Those really are great answers and it is good to hear them coming from the leader of the Anglican Communion.

Now, I know what you are thinking – you’re thinking “Do we really have to give three cheers for someone simply behaving like a decent parent?”

Well, right now in the mire of the church’s troubles over sexuality, we do need to cheer him on when he says good things and we need to remember that it could be a very different message and a very different tone. Just the same week, a bishop in Greece has been reported to be lashing out at gay people and atheists, encouraged his ‘readers and followers to “spit on them” and “blacken them” with violence, stating that they are not humans’.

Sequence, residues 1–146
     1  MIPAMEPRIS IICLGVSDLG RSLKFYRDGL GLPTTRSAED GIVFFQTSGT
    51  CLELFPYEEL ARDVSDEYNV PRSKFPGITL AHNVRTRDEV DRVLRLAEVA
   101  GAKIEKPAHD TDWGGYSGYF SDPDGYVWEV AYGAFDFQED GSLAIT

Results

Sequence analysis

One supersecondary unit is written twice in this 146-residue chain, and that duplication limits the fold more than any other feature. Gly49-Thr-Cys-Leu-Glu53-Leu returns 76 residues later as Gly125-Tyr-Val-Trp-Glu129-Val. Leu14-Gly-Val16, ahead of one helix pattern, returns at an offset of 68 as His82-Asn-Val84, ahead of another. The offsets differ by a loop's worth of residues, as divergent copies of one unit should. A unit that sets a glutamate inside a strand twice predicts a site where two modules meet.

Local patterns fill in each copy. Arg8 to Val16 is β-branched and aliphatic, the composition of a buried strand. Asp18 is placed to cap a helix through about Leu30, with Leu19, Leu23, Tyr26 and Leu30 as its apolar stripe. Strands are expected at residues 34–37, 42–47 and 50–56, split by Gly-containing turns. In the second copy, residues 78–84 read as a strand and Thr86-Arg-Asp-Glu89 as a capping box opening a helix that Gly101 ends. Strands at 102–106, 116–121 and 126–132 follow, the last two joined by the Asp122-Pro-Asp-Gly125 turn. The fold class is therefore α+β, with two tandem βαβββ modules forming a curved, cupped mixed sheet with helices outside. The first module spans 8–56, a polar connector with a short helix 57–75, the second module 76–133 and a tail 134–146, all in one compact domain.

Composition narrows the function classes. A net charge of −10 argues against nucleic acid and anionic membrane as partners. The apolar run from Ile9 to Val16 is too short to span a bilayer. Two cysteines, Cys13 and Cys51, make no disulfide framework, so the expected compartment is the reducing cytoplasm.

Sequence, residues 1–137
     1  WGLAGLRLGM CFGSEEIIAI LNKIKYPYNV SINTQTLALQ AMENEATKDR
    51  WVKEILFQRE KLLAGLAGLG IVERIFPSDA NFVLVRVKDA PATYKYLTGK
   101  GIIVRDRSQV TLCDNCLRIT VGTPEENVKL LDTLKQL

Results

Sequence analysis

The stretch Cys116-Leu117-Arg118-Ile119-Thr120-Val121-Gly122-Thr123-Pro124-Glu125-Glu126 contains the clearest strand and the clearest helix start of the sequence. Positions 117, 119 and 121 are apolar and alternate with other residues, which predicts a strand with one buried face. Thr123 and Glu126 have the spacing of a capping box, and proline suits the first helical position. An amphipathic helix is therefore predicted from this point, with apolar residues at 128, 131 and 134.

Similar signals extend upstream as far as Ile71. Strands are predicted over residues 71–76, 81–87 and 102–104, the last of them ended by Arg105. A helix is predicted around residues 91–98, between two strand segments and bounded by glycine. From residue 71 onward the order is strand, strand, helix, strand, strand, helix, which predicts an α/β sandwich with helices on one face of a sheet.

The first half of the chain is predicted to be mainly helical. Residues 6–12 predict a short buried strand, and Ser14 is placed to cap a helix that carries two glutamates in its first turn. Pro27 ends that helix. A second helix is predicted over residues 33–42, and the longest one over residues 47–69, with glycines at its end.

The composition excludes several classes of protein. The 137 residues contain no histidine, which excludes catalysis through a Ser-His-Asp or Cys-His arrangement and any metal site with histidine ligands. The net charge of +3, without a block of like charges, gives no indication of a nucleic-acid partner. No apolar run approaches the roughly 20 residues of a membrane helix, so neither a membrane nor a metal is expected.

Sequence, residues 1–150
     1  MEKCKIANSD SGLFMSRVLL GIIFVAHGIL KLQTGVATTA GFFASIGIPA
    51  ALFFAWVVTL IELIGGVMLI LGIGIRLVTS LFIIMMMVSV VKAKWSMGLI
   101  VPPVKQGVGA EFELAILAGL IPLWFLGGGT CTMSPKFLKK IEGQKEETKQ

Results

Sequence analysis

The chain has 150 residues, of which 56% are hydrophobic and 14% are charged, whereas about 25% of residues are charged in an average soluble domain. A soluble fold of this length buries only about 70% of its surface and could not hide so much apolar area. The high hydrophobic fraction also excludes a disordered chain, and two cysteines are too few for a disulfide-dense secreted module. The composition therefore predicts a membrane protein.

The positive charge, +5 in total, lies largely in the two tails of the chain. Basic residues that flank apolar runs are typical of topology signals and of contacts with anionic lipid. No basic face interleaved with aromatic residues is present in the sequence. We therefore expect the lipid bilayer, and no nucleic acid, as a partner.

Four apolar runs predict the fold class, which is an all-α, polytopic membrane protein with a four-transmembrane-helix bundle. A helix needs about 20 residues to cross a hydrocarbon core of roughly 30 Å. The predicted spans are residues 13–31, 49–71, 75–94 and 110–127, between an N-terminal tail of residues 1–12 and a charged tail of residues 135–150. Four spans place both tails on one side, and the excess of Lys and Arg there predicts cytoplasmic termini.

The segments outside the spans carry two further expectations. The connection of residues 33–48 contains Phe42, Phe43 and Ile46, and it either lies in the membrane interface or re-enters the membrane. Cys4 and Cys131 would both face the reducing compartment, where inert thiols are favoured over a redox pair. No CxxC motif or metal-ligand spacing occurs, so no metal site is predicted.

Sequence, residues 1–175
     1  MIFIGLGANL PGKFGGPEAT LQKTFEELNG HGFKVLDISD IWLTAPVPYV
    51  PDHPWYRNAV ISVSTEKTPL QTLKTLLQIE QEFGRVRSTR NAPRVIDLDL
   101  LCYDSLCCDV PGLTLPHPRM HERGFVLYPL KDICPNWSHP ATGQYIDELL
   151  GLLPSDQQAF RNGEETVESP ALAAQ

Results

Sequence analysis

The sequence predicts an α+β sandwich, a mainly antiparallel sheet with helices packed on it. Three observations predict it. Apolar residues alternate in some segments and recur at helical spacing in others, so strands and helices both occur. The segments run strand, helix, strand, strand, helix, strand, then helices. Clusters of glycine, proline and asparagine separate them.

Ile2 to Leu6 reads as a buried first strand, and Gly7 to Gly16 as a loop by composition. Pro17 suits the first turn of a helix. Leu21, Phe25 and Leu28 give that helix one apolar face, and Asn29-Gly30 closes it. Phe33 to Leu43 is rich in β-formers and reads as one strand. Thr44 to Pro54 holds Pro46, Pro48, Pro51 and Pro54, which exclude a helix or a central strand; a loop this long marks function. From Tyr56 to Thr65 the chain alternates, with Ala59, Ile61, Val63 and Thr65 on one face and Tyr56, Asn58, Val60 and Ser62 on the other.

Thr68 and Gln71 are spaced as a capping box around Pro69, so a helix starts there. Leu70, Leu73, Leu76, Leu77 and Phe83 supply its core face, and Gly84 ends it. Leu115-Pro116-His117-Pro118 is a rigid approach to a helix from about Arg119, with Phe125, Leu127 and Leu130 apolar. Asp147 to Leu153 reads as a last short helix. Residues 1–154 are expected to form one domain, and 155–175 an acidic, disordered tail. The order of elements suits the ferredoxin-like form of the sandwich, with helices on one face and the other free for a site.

So, it really is three cheers for Archbishop Welby along with a cheer to Michael Gove for asking the right questions and getting the results printed. (And you are quite right, you are not going to hear me cheering Justin Welby and Michael Gove that often so make the most of it today).

One of the things that surprises me about the Church of England is that the bishops there are not subject to intrusive questions more often. I happen to think that Michael Gove’s questions were intrusive but necessary and reasonable. The Archbishop could have simply said, “Don’t bring my family and children into this” but it is to his credit that he didn’t. We need more of the same.

It is perhaps worth remembering in passing that one can sometimes experience ranting uncontrollable anger from bishops by asking questions about their own families (spouses, children, extended family members). I’ve experienced that and it isn’t at all pleasant. Rather oddly, some people think that they can pontificate (pun intended) about other people’s family life and personal relationships whilst their own should be utterly untouchable. It doesn’t work like that, of course, and Justin Welby was wise to give straightforward answers.